Priority Policy Issues for America’s Electric Cooperatives

NRECA and electric cooperatives look forward to working with the incoming Trump Administration and new Congress to ensure that issues important to Rural America and electric cooperatives are addressed. We have a number of issues facing electric cooperatives and the communities we serve, and we will continue to work with every elected official interested in meeting the needs of rural America.

Rural Policy and the Farm Bill

Electric cooperatives built and improved the infrastructure to bring electricity to people living in rural America who were being left in the dark and left behind. Today, more than 900 co-ops provide power to more to 42 million Americans in 47 states – serving 56 percent of the nation. Growing a vibrant rural economy is essential to America’s success and prosperity.

  • RUS Financing: The Rural Utilities Service continues to be a key source of financing for electric cooperative infrastructure development, and will continue to play an important role in the future. Importantly, the RUS electric loan program provides a positive financial return for the government.
  • Rural Development: USDA Rural Development programs generally have had a positive impact on rural America and should be continued and enhanced. The Rural Economic Development Loan and Grant Program is one of several programs used effectively by cooperatives to expand economic opportunities in Rural America.
  • Rural Broadband: Tens of millions of rural Americans continue to live without access to high-speed internet service. Bridging the digital divide continues to be a critical issue for rural America, and it must be addressed.
  • Farm Bill: The Farm Bill is due to be reauthorized in 2018, and we look forward to ensuring that updates of our nation’s agricultural and rural policies strengthen rural America.

Ensuring Access to Affordable Electricity and Regulatory Reform

Electric cooperatives support a diverse energy portfolio that includes conventional and alternative energy sources, and strongly advocate for policies that ensure the consumers’ interests drive policy decisions. Over-reaching regulations from Washington have a significant negative impact on rural America, and we look forward to working with the new Administration and Congress to ensure that there is not a “Washington knows best” mentality in regulations impacting rural America.

  • Energy Policy: Electric cooperatives strongly support an all of the above approach to energy policy that encourages a diverse energy supply to ensure an affordable, reliable, and safe supply of electricity.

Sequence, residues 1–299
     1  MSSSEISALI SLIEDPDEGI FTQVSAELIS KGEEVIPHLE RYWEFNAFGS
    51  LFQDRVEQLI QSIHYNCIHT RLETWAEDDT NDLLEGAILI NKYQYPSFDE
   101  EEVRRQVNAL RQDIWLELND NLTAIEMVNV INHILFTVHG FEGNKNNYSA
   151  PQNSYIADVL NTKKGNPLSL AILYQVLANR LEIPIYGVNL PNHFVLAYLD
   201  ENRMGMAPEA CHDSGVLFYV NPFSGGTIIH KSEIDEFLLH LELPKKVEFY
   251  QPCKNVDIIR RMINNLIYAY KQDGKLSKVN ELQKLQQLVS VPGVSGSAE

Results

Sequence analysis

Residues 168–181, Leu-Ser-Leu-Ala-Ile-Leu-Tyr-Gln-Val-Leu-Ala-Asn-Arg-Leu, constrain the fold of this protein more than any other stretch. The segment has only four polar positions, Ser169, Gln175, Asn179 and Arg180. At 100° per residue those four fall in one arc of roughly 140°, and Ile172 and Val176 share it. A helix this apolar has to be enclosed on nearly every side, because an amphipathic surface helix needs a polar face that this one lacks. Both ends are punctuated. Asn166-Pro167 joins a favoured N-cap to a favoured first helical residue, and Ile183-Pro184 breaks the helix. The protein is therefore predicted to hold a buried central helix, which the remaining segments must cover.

• Environmental Rules: The Clean Power Plan, Waters of the U.S., Social Cost of Carbon, and other regulations are examples of existing rules that should be revisited because they went too far and have a negative impact on Rural America.
  • FERC: The Federal Energy Regulatory Commission has recently made several decisions transferring authority from state and local decision-makers to the Federal level. Properly balancing federal and state/local decision-making is essential.  Additionally, FERC must continue to protect consumers.
  • Future Rules: Future rules and decisions under the Endangered Species Act, Migratory Bird Treaty Act, Clean Air Act, Clean Water Act, and other laws should carefully balance the nation’s environmental and economic goals without imposing undue burdens on rural America.

Infrastructure and Investing in the Future

Throughout the campaign, improving our nation’s infrastructure was a consistent theme. Electric co-ops have been in the infrastructure development and improvement business for decades to improve the quality of life in the communities we serve – a mission we will continue.

  • Modernizing the electric grid: We look forward to continuing to work in partnership to improve the grid to meet member-consumers’ needs while continuously improving the resiliency of our electric system. Co-ops continuously improve the cyber and physical security of our systems and have been leaders in developing and using smart grid technologies. A strong public-private partnership is essential, particularly in the area of cyber security.
  • Energy Research and Development: Electric cooperatives support a wide range of research activities to help improve our nation’s future energy infrastructure. We will continue to seek advances in technologies including distributed energy resources, carbon capture and sequestration or utilization, and others. The federal government can be a key partner in advancing our nation’s energy research.
  • Land Use: Co-op facilities require easements and often times permits to cross through publicly- and privately-owned lands. We continue to need reasonable access to those lands and permits granted in a timely manner for infrastructure construction and maintenance, tree-trimming and other right-of-way maintenance, and other activities.
  • Power Marketing Administrations: The federal PMAs continue to provide affordable, reliable electricity generated from federal dams. That source of energy must continue to be available to traditional PMA customers.
  • International Electrification: Electric cooperatives have helped bring electricity to rural areas of developing countries for over 50 years. We look forward to continuing that proud tradition, and we look forward to helping bringing power to sub-Saharan Africa where more than 500 million people currently do not have access to electricity at all.